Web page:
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Most popular at the top

  • Man's Place in Natureby Thomas H. Huxley; Stephen Jay Gould

    Random House Publishing Group 2012; US$ 3.49

    Thomas H. Huxley was one of the first supporters of Charles Darwin’s theory of evolution by natural selection, and he did more than any other writer to advance its acceptance among scientists and nonscientists alike. His most famous book, Man’s Place in Nature , published only five years after Darwin’s The Origin of Species , offers a compelling... more...

  • The Story of the Human Bodyby Daniel Lieberman

    Knopf Doubleday Publishing Group 2013; US$ 17.00

    In this landmark book of popular science, Daniel E. Lieberman—chair of the department of human evolutionary biology at Harvard University and a leader in the field—gives us a lucid and engaging account of how the human body evolved over millions of years, even as it shows how the increasing disparity between the jumble of adaptations in our Stone Age... more...

  • Joyriding in Riyadhby Pascal Menoret

    Cambridge University Press 2014; US$ 28.00

    Based on four years of fieldwork, Joyriding in Riyadh explores the history and social fabric of Riyadh, and of Saudi Arabia, through youth culture, specifically joyriding. more...

  • The Good Lifeby Edward F. Fischer

    Stanford University Press 2014; US$ 24.95

    What could middle-class German supermarket shoppers buying eggs and impoverished coffee farmers in Guatemala possibly have in common? Both groups use the market in pursuit of the "good life." But what exactly is the good life? How do we define wellbeing beyond material standards of living? While we all may want to live the good life, we differ widely... more...

  • Visual Intelligenceby Amy E. Herman

    Houghton Mifflin Harcourt 2016; US$ 14.75

    An engrossing, eye-opening guide to seeing—and communicating—more clearly, from the groundbreaking course that helps FBI agents, cops, CEOs, military Special Forces, ER docs, and others save money, reputations, and lives. Please note: this ebook contains full-color art reproductions and photographs, and color is at times essential to the observation... more...

  • Popular Cultureby Marcel Danesi

    Rowman & Littlefield Publishers 2015; US$ 39.50

    Danesi employs the lens of history to explore the relationship between popular culture’s content and the means by which it is delivered. The third edition features new chapters on the commercial context of pop culture and explicitly focused on digital culture, as well as exercises and discussion prompts to deepen understanding. more...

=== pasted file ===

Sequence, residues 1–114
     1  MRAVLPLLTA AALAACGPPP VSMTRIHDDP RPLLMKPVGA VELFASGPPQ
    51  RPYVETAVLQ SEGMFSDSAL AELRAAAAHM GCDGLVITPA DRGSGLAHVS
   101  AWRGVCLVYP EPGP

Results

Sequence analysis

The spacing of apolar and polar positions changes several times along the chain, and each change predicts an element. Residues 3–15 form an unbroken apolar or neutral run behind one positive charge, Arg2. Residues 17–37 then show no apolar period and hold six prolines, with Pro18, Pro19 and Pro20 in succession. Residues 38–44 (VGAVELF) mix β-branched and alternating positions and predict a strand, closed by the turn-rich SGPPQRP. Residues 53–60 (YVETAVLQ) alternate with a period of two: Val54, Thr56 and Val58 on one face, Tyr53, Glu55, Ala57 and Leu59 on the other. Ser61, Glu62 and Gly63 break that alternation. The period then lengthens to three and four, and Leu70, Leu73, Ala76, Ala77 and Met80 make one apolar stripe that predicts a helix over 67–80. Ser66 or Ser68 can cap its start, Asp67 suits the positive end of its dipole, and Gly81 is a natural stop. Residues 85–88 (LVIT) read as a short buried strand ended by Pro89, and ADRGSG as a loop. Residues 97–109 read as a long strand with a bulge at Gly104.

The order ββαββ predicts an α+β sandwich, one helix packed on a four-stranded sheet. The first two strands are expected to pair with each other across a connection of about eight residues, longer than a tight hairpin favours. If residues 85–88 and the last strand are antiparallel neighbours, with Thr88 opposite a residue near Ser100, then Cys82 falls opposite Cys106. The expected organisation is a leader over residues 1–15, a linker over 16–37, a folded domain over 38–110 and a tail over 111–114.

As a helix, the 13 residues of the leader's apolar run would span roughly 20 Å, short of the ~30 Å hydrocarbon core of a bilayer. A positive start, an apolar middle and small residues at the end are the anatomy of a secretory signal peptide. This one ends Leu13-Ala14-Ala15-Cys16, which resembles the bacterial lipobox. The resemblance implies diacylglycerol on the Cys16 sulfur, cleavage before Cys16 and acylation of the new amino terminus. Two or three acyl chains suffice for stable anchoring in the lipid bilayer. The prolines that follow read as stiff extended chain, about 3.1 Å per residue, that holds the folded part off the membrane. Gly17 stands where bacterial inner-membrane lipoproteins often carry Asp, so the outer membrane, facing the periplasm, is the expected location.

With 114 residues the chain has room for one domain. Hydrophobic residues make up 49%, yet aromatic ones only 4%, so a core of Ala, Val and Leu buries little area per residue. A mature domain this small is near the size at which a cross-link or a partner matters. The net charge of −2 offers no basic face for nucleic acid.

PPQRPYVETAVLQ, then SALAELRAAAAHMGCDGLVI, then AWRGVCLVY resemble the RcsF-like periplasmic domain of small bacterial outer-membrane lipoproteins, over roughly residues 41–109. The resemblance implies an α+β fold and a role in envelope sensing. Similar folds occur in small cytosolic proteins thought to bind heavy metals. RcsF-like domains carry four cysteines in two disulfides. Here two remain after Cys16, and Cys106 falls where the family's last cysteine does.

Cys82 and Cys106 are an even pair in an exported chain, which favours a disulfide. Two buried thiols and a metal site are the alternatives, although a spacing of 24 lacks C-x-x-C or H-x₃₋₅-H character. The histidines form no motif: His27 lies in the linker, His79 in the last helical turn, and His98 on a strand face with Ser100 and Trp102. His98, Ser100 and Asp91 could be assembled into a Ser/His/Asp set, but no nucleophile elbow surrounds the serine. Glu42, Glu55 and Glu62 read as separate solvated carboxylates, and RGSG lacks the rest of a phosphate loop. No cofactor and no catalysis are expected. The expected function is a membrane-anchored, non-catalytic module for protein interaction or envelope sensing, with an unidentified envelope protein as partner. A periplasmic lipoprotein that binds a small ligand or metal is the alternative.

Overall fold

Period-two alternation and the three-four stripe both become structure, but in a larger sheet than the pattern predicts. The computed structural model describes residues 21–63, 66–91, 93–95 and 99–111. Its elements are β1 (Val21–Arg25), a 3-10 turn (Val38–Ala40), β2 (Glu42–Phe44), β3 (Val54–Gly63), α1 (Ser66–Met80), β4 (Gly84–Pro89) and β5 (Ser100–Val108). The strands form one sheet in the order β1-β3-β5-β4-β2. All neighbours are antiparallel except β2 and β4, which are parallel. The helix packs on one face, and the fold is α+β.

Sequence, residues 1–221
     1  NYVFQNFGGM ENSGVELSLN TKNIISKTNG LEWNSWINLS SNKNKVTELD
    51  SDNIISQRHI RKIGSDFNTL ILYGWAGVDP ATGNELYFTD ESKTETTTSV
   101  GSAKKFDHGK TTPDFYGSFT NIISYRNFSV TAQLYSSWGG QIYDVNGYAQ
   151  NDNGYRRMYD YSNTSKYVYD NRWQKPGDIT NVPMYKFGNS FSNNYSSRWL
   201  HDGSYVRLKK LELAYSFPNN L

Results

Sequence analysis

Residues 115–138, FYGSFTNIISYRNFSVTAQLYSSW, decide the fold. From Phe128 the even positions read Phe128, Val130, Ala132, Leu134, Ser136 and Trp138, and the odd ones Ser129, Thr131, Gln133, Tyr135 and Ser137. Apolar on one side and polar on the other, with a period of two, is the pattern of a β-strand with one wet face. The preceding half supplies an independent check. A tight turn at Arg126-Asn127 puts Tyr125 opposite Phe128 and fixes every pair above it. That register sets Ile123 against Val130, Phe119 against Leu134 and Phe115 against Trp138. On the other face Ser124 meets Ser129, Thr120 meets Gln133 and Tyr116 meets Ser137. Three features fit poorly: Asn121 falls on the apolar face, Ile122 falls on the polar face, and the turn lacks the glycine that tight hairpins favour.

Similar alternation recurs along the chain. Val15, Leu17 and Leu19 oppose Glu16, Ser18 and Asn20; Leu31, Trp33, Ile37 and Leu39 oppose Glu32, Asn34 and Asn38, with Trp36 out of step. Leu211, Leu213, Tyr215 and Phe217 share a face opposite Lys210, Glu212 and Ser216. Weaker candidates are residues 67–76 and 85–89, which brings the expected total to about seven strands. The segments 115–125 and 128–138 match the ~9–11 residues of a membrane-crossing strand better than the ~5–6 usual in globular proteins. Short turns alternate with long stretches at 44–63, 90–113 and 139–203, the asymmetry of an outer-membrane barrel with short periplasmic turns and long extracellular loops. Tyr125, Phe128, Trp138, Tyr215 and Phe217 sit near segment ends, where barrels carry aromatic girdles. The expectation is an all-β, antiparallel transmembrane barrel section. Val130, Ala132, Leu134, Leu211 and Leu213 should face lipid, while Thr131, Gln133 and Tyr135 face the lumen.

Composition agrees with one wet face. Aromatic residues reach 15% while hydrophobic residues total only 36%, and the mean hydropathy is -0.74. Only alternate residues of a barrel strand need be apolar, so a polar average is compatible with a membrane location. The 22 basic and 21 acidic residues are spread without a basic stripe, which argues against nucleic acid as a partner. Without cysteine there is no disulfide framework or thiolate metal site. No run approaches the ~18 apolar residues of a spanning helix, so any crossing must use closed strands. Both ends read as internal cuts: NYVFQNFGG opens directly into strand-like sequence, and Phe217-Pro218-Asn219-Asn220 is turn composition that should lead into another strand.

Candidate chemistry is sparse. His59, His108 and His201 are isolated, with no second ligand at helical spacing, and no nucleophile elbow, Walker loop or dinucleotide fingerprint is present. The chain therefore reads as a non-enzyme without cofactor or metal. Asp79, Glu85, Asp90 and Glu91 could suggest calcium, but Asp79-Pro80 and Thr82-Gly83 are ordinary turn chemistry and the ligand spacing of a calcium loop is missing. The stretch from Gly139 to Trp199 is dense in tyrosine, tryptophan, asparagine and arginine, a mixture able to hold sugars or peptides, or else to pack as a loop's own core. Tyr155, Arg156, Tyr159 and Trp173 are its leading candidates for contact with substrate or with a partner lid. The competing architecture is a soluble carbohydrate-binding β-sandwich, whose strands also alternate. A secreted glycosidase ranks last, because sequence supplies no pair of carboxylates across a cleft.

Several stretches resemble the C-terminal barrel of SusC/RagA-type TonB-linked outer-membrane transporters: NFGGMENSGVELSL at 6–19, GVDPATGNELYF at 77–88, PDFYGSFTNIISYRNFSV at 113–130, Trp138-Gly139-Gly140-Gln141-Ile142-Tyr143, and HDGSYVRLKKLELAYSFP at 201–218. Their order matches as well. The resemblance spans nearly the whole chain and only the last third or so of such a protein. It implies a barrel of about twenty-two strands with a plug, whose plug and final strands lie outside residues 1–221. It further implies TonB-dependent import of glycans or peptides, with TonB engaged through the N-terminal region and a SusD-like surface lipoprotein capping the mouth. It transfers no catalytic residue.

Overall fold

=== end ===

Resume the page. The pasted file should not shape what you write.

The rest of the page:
• What It Means to Be 98% Chimpanzeeby Jonathan Marks

    University of California Press 2002; US$ 31.95

    The overwhelming similarity of human and ape genes is one of the best-known facts of modern genetic science. But what does this similarity mean? Does it, as many have suggested, have profound implications for understanding human nature? Well-known molecular anthropologist Jonathan Marks uses the human-versus-ape controversy as a jumping-off point for... more...

  • Prehistory: A Very Short Introductionby Chris Gosden

    OUP Oxford 2003; US$ 7.99

    Many of the familiar aspects of modern life are no more than a century or two old, yet our deep social structures and skills were in large measure developed by small bands of our prehistoric ancestors many millennia ago. The reader is invited to think seriously about who we are by considering who we have been. more...

  • A Global History of Indigenous Peoplesby Professor Ken S. Coates

    Palgrave Macmillan 2004; US$ 40.00

    A Global History of Indigenous Peoples examines the history of the indigenous/tribal peoples of the world. The work spans the period from the pivotal migrations which saw the peopling of the world, examines the processes by which tribal peoples established themselves as separate from surplus-based and more material societies, and considers the impact... more...

  • A Social History of Dyingby Allan Kellehear

    Cambridge University Press 2007; US$ 28.00

    A Social History of Dying, first published in 2007, examines the major challenges we will face for our eventual deaths. more...